Melba Recordings

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News from Melba Recordings

Go behind the scenes for insights on our recordings, our artists and our future plans. Follow our artists' schedules and share the excitement of their journeys.

The Power Issue

Sunday, 1 August 2004 - 12:00am

Sectorial Power 2004: ARTS

For the third year running, businessman David Gronski remains the outstanding influence on the arts in Australia. Generous with his time and input, and with a top-drawer business network at his disposal, Gronski's steady hand reaches into many layers of the Australian arts scene via the swag of major cultural boards he heads. He is also extremely well regarded by federal and state governments alike.
Otherwise, it's a very different list this year to last. Richard Alston, second on last year's list has retired and been replaced by another politician, NSW Premier and Minister for the Arts, Bob Carr, who takes second position by virtue of the millions he has poured into the acclaimed new Sydney Theatre and the renovations to the Sydney Opera House.
With the Australian film industry suffering from a major production downturn, real power in that industry now lies offshore with the dozen or so international stars whose names have the power to help greenlight local projects, from Baz Luhrmann to, most recently, Cate Blanchett, Toni Collette, Heath Ledger and Frances O'Connor.
In fourth position is Rupert Myer, in part as the most recently visible of the culturally important but extremely low profile Myer family. Myer's 2002 report into the visual arts and crafts did not confine itself to matters of finance but got governments looking at broader issues such as copyright, intellectual property and the indigenous sector. Modest, with impeccable business contacts, he continues to wield significant influence behind the scenes in the arts world, and through the very influential Myer committees on everything from the environment and social justice issues to our links with Asia.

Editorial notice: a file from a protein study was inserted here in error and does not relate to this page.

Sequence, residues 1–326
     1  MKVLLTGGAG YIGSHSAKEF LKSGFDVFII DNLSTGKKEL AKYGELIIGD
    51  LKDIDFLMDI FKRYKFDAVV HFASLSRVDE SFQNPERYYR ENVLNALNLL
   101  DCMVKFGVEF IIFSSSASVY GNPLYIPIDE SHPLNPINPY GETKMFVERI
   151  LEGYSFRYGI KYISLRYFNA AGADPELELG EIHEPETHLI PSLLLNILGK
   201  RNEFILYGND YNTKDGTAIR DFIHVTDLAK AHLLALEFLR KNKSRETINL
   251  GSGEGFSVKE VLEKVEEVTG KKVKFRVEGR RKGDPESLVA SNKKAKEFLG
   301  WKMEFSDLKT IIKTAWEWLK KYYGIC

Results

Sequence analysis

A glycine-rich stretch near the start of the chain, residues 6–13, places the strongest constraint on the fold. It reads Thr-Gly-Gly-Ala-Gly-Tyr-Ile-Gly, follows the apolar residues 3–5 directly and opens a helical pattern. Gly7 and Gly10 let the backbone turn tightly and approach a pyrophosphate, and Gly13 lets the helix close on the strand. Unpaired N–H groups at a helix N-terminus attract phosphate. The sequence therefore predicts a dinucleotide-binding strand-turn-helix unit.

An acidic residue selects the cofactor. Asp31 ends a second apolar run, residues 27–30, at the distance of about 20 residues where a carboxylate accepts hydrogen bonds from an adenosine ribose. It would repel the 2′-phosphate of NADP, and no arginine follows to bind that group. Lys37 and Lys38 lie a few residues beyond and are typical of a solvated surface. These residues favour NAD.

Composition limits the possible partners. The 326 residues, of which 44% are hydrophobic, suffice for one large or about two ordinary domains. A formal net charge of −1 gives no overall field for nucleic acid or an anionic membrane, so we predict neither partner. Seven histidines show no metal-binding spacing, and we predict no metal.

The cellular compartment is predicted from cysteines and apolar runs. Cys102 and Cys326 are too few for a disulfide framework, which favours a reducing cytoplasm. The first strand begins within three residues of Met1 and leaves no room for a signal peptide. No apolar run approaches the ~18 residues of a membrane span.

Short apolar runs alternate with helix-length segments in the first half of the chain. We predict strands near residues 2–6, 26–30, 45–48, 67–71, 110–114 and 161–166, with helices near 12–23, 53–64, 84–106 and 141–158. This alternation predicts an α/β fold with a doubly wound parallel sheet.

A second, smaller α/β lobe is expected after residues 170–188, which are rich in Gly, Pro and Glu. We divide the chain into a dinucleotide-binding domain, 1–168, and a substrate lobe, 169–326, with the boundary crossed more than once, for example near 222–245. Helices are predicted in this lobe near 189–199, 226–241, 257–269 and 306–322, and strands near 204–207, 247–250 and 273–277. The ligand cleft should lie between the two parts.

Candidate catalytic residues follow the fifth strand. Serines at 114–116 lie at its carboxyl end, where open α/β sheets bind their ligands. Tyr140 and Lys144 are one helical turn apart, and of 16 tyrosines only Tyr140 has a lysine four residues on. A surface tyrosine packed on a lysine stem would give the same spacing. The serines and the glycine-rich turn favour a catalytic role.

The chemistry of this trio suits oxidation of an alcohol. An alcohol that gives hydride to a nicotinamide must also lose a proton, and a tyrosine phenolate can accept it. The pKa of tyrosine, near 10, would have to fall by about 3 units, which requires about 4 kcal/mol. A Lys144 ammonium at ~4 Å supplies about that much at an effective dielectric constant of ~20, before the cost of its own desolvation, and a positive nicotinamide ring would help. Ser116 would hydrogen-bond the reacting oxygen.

The director of the Art Gallery of NSW, Edmund Capon, who celebrated 25 years in the job in 2003, moves aside for a relative unknown, Maria Vandamme, who pulled off the arts coup of the year, single-handedly securing a grant of $5 million in the last federal budget for the Melba Foundation, which she set up last year ...

Maria Vandamme is founder of the Melba Foundation and in 1999 set up Melba Recordings, producing high-quality classical CDs of Australian musicians for international distribution. This year, Vandamme coolly bypassed the government's arts funding body, the Australia Council, to appeal directly to the federal government. In the May budget, she was rewarded with a $5 million grant, over five years, to assist in the production of 35 CDs.

The Australian Financial Review Magazine